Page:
by David Cecelski
In this sweltering heat wave, my family and I have been seeking cool treats in the city streets. We’ve become connoisseurs of our local sno-cone stands, frozen yoghurt shops, and ice cream trucks, including one that my neighbors call the “Sad Ice Cream Truck” for the curiously mournful airs, played in a minor key, that resound from its loudspeaker. But nothing has refreshed us more on a 104 degree day like today than the cocteles de frutas—fruit cocktails—that a Mexican couple sells out of the back of their minivan in our neighborhood.
These wonderful fruit salads are a popular summer street food in much of Mexico, including Veracruz, the ancient city on the Gulf of Mexico, where the couple comes from.
They’re made with 5 or 6-inch long wedges of fresh, tropical fruits, and often vegetables, too. The most common ingredients I’ve seen in them are mango, papaya, pineapple, watermelon, cantaloupe, cucumber, and jicama, the last being a root vegetable popular in Mexico—its flavor and texture remind me a little of a hard pear, a little of a potato or a turnip.
Sometimes vendors serve the dish with just one kind of fruit, so you’ll get a whole cup of watermelon or cucumber slices. Other times they’re served in a mixed bouquet of fruits—and they do look like a bouquet. The vendors arrange the long wedges of fruit vertically in a tall plastic cup, and the wedges are so long that many, like the cantaloupe or mango, have some curve to them, so the fruits look like a vase of wild tropical flowers.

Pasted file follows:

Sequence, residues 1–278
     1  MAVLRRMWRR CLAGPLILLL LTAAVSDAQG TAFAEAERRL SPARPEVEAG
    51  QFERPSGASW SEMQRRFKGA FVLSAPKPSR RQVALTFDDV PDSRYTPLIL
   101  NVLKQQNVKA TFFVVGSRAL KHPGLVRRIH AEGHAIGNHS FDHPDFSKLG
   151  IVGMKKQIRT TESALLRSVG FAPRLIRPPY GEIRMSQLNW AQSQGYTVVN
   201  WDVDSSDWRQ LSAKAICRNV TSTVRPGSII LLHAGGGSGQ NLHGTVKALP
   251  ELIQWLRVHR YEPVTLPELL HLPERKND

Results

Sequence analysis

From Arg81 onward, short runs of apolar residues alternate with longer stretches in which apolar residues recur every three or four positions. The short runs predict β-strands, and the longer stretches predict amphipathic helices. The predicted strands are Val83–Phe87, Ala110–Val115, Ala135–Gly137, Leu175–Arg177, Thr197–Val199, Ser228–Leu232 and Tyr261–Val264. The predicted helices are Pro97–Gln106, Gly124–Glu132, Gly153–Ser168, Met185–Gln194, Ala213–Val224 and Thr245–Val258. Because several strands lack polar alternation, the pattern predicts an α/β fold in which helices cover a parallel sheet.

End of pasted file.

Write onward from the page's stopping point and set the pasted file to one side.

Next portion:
After you order your fruit, the gentleman or lady making the fruit cocktail will squeeze half of a fresh lime over the fruit. Then they sprinkle a little salt on top, and finally they dust the fruit with a special chile powder. It’s often a brand of dried chile seasoning called Tapin that comes in little plastic bottles that you can find at all the Mexican groceries and produce stands here in town.
The vendors usually ask you, at least if you’re as un-Mexican looking as I am, how much of the chile seasoning you’d like on your fruit cocktail, or if you’d like any at all, because it can be pretty hot. I always want some, but not too much.
The combination of tastes is unusual for me, but I have discovered them again and again in traditional Mexican cookery. It’s a beguiling and deliriously good combination of sweetness balanced by salt, citrus, and/or spicy heat that I have come to think of as quintessentially Mexican.
I’ve enjoyed fruta con chile y limón at street fairs, flea markets, and ball games across our state, but the couple from Veracruz make the best ones I’ve ever had. The woman, who is the one in the couple that puts them together, arranges the fruits very artistically.
She’s really a master artisan. After arranging the myriad of fresh fruit wedges around the cup—she used jicama, cocoanut, cucumber, watermelon, papaya, and cantaloupe slices when I visited her today—she puts a wooden skewer in the middle of them, holding several grapes, a green apple wedge, an orange slice (arranged up and down, not flat, so it reminded me of the rising sun), and, lastly, a strawberry on top. Sprinkled with the brick red chile seasoning, the colors are glorious, the whole thing whimsical and lovely.
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